There are thousands of species of spiders found worldwide. However, in the UK, approximately 600 species can be found. The vast majority are harmless to humans and spiders are generally considered beneficial to the environment. They feed on insects, other spiders and any other prey that they are able to subdue. Spiders do not have a mouth capable of chewing, so typically, they will use digestive enzymes to break down prey before consuming.
Spiders are able to produce silk which is elastic, adhesive and strong. This silk is spun to form a spiders’ web, construct egg sacs and line their dwelling. The webs differ in shape and size, dependent on species. Some species will live in burrows and crevices rather than webs.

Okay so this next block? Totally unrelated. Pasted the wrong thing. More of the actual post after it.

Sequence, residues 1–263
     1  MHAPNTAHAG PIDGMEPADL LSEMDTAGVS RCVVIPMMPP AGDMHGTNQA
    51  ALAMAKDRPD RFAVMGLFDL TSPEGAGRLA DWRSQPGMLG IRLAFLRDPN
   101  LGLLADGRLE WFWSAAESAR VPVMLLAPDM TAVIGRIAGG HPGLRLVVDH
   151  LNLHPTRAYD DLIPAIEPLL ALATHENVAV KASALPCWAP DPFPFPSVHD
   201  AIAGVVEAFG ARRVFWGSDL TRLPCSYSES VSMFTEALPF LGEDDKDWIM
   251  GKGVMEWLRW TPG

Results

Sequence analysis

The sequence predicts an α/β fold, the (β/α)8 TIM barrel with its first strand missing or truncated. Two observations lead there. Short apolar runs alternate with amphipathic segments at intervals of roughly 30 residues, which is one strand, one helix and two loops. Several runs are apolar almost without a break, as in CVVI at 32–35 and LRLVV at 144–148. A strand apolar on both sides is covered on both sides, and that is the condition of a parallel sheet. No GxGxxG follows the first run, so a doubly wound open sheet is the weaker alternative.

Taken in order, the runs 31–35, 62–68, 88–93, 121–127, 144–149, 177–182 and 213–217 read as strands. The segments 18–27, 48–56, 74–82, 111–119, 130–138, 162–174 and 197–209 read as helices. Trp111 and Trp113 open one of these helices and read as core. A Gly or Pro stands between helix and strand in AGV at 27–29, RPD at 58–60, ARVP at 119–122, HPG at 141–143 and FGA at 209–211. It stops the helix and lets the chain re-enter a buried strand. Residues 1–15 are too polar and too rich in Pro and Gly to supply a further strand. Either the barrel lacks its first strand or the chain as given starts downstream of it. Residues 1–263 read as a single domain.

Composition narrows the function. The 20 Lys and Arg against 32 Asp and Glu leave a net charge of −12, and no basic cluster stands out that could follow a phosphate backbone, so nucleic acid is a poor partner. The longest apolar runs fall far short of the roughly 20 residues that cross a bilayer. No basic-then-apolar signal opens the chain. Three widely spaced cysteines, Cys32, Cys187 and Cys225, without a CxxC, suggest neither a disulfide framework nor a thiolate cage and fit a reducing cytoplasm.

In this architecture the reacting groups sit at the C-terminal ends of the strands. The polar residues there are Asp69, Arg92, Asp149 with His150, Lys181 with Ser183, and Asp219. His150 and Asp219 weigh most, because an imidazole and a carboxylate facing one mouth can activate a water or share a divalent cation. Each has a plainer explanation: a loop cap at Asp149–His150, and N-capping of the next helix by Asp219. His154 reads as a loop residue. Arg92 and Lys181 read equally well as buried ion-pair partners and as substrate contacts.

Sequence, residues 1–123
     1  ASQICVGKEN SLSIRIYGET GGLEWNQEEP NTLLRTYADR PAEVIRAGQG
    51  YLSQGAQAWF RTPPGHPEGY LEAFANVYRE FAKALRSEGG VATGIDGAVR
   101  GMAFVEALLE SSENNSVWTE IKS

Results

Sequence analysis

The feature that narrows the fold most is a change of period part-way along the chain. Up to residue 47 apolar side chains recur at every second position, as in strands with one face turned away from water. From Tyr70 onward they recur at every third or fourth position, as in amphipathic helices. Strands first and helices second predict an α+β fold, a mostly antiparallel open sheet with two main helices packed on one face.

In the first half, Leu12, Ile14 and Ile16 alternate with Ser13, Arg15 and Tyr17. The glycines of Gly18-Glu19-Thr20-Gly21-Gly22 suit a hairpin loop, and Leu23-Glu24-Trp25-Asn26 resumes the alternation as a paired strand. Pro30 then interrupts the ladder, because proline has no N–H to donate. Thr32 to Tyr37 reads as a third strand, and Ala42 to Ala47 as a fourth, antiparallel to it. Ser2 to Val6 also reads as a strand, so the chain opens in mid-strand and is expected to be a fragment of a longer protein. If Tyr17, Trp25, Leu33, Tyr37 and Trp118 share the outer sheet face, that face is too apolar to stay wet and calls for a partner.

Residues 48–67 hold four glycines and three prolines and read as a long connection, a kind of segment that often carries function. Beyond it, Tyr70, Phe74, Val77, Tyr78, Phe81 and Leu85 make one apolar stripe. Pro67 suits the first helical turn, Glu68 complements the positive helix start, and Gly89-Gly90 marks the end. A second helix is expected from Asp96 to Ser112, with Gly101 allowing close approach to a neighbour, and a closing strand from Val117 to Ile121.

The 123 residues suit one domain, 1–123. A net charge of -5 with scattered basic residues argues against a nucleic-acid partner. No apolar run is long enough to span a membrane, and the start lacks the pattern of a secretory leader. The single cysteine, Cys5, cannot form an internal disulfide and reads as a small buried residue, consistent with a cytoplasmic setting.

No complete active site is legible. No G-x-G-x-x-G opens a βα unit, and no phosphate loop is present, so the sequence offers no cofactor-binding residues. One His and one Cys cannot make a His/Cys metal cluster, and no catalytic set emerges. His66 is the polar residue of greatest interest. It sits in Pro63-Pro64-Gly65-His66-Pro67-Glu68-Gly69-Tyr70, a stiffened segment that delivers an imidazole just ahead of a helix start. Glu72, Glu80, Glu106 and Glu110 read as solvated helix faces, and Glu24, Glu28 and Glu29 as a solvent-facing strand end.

The most common methods of entry into an office or home for spiders is through windows or doors that are either open or have cracks. They can also enter through accidentally being contained in other items.
Spiders can always be identified by their eight legs. They have two segments to their body and do not have any wings or antennae. Spiders have three or four pairs of eyes but surprisingly, most species have very poor vision.
Autumn is when spiders are most active and looking for mates. Females produce egg sacs from which the spiderlings emerge. These can be fixed to any surface, hidden in a web or carried on a foreign object.